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Canton from the Walls

city, dead, gods, call and beauty

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CANTON FROM THE WALLS City of the Dead Temples—British Yamen—Canton Water—My First Attempt to Paint in a Village.

Going right across the city—a long walk on foot and mostly done in chairs carried by four coolies, who shout and call to clear the way, and when met by another chair push in against a shop to allow passage—the traveller reaches the city wall, and by following it comes to the well known five-storied Pagoda, near which is the best and most complete view of Canton, with the Flowery Pagoda rising out of it, whilst here and there one sees those square tower-like buildings, the pawnshops. And a lovely view it is Looking over this one cannot quite think of the overcrowding, the squalor, the dirt, which exists below ; here we look among trees over the roofs of temples, with God's sky above, and nothing but brilliant sunlight and beauty around.

It is curious that the Chinese think it necessary to attempt to repair the old walls, and even to renew the roofs over the ancient guns, as if they were of any use— old iron cannon lying rusting on the ground—a great and sufficient protection against an enemy in olden times, but of no use now.

On looking over the hilly country which lies out side this part of the city wall, I saw that it was one vast cemetery—hundreds, thousands of small stones marking the last resting-place of past generations of Cantonese. Here and there I could discern a more pretentious monument, mostly in semi-circular form, denoting the grave of a dead notability. A remarkable place is the City of the Dead. It is a series of temples and mausoleums, where those who can afford it lay their dead in wondrous coffins, sometimes enamelled and decorated, and they are left here until the soothsayer, or fortune-teller, declares where and when they shall be finally laid to rest. I am inclined to think that the wealth of the relative must be the chief thing which determines the length of time the coffin shall remain in these sacred precincts.

I saw a funeral procession on its way here , there were various articles of food fastened to the coffin. A live cock was one, and, by his lusty crowing, did not seem at all disturbed at his precarious position.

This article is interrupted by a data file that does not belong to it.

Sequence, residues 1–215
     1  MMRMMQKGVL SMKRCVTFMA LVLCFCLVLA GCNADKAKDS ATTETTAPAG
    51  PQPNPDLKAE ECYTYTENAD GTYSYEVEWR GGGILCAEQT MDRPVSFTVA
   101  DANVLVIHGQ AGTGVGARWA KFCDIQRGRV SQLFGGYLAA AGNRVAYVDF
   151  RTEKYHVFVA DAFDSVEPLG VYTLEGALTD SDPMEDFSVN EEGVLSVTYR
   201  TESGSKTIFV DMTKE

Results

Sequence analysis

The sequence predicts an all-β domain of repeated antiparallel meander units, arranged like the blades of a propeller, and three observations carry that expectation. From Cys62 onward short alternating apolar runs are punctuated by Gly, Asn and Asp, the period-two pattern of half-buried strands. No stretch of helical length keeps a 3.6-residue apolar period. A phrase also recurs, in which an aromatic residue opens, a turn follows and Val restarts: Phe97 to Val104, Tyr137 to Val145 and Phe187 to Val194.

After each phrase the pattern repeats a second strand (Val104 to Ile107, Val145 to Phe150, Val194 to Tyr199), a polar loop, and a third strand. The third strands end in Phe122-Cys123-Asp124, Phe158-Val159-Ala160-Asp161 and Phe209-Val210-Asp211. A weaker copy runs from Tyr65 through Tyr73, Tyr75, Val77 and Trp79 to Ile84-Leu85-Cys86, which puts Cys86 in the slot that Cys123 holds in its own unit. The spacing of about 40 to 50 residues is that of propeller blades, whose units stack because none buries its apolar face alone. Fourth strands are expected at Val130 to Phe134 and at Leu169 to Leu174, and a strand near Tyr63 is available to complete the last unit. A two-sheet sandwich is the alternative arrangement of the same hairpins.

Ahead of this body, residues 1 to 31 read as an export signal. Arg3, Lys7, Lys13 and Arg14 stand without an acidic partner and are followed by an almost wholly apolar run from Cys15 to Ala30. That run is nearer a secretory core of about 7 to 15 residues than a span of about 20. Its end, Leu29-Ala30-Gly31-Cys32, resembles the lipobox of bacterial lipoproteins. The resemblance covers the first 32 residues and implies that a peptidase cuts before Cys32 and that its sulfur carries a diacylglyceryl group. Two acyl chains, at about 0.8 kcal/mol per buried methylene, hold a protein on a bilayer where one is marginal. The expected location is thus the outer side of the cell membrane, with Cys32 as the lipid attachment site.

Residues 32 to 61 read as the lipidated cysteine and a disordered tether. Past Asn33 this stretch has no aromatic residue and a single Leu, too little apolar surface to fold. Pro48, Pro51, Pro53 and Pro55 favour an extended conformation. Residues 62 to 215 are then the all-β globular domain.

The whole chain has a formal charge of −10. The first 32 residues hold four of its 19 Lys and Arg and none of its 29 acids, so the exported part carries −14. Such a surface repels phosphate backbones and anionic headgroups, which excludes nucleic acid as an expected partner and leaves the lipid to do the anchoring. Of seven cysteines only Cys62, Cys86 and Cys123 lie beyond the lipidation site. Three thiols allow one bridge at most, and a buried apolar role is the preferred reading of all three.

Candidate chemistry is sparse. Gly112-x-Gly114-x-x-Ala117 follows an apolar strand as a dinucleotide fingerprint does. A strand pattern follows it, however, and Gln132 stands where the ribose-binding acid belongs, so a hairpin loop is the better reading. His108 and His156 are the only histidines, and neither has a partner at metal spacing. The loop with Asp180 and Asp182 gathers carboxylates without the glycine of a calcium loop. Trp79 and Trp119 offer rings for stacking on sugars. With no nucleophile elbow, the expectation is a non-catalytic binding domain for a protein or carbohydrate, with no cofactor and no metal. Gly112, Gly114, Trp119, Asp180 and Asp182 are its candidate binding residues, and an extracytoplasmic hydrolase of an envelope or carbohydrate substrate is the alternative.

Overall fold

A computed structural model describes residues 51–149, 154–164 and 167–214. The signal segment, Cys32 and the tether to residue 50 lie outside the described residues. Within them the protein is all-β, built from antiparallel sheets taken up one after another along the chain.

Another interesting place is the Temple of Five Hundred Genii. At the gates are great carved-stone

josses guarding the entrance, which is of considerable extent. In the central or main hall five hundred saints or genii are placed in rows, and in front of each is placed the small porcelain, and sometimes bronze, urn in which those who come to " chin-chin " their par ticular joss put the burning joss-sticks. The gods themselves are wonderfully varied in character, and apparently, from the number of joss-sticks in front of certain of them, some are greatly favoured beyond others. They are all lavishly gilded, some quite freshly gilt, others distinctly showing neglect—these, I suppose, being gods to whom there is no necessity for appeal, and therefore no call for devout worshippers to show their devotion by gilding. One in particular is pointed out to foreigners, Marco Polo ; if anything like this image, he was no beauty, though a great traveller.

Almost in the centre of the city stands the old British Yamen, once the house of a great Cantonese mandarin. When the British took Canton, they annexed this beautiful place as the residence for their repre sentative, and for many years it was occupied by our Consul and his staff. But these officials now live in modern houses built on the Shameen, and the old Yamen is the house of Consular students sent here to study the Chinese language. I went with a friend to call on them one Sunday, and was greatly taken with the quiet beauty of the place ; the grounds are studded with fine trees, and paved walks and terraces — it is like an oasis set in the midst of dirty, noisy Canton. The students, whom we wanted to see, were not at home ; but of course we were hospitably invited to go inside and have a cooling drink, and wait for their arrival. So we sat on the terrace, smoking and chatting, when along the entrance-way tore some of the roughest-look ing ponies I have seen. The riders were our friends— returning, to judge by the mud-bespattered appearance of horses and men, from a long and rough ride. The ponies were small, many-coloured and unclipped ; long manes and tails and varied accoutrements giving the whole quite a wild look as they galloped into this secluded garden.

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